Earlier today, Julian Assange wrote via Twitter that the head of Wikileaks’ legal team, Baltasar Garzón, was targeted in a break in. The Wikileaks founder stated that no money was taken, security cameras were taped over and that local police believed it was a “very professional” operation.

Spanish press outlet El Pais reports that “Several hooded men” entered Garzón’s office but did not steal money. This would imply that the crime was likely not financially motivated, but instead targeted the former Judge for his service to Wikileaks. This was further implied by El Pais’ report that, while cash was not stolen, some documents were possibly removed from the premises.

El Pais stated that The investigation is being carried out by the scientific police as if it were “an attempted robbery,” and that authorities are waiting for technicians to check as to whether documents in Garzón’s office have been tampered with.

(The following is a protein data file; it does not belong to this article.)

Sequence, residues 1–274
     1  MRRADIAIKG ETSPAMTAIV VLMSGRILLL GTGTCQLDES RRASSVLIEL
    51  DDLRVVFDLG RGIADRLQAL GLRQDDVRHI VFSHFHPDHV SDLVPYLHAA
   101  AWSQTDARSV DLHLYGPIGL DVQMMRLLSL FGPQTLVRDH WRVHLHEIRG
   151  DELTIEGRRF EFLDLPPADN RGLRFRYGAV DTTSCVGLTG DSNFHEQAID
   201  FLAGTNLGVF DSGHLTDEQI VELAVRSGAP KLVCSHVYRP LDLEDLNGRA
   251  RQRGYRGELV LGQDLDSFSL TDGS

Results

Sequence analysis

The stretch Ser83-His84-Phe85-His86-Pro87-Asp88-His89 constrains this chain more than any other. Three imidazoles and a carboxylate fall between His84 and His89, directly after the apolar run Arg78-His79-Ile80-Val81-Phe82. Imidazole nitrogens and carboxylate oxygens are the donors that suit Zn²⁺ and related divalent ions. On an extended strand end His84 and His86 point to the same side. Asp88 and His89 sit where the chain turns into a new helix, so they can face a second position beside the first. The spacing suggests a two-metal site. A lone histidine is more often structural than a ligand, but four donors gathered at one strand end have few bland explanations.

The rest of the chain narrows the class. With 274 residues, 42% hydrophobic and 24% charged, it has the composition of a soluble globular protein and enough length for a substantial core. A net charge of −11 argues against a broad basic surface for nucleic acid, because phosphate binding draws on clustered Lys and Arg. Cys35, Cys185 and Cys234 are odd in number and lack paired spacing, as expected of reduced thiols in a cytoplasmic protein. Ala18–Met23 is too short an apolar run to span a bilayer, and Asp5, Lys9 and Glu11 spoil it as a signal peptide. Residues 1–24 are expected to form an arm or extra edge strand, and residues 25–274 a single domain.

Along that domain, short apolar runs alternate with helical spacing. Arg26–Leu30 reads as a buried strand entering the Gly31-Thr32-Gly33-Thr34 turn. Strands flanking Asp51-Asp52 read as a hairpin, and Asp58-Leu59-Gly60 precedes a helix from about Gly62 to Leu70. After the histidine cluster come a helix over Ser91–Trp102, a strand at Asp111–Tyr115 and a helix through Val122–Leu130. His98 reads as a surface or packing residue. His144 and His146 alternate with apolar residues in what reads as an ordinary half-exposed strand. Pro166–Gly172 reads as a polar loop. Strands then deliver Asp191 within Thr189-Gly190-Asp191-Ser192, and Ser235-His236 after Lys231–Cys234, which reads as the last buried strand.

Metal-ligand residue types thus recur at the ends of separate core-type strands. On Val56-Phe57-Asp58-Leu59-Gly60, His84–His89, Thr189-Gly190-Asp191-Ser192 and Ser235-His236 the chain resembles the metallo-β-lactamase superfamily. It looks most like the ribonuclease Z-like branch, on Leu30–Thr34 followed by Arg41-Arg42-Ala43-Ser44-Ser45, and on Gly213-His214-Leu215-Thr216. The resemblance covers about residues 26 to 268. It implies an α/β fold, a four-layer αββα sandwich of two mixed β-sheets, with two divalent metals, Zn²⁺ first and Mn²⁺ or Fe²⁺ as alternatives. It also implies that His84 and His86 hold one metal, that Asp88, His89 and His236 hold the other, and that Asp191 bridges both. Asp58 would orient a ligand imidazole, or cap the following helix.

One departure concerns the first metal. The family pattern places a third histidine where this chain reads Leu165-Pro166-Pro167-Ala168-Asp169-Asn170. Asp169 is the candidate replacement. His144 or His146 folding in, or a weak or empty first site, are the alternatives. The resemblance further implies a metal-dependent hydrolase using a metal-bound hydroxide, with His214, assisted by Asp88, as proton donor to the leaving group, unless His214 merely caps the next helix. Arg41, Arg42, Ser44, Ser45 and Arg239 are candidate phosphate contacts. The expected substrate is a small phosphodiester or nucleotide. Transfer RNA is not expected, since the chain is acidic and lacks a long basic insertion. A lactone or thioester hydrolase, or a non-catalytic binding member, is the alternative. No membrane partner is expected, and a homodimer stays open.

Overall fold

Garzón joined Wikileaks legal team in 2012, and additional press reports recount that he was a a judge in Spain for 23 years to 2010. The Conversation related: “He is most famous for his attempt in 1998 to extradite former Chilean dictator Augusto Pinochet from the UK on charges of murder and torture of Spanish citizens. That episode led to a landmark decision in the UK which established that former heads of State have no sovereign immunity with regard to international crimes like torture.”

RT described Garzón: “A former judge at Spain’s central criminal court, Garzon is famous for issuing an international arrest warrant for former Chilean dictator Augusto Pinochet two decades ago, thus revolutionizing the international justice system and triggering a widespread fight against impunity in Latin America and the rest of the world.”

This is a developing story and Disobedient Media will  continue to provide coverage as it unfolds.

Co-Founder and Editor in Chief at Disobedient Media.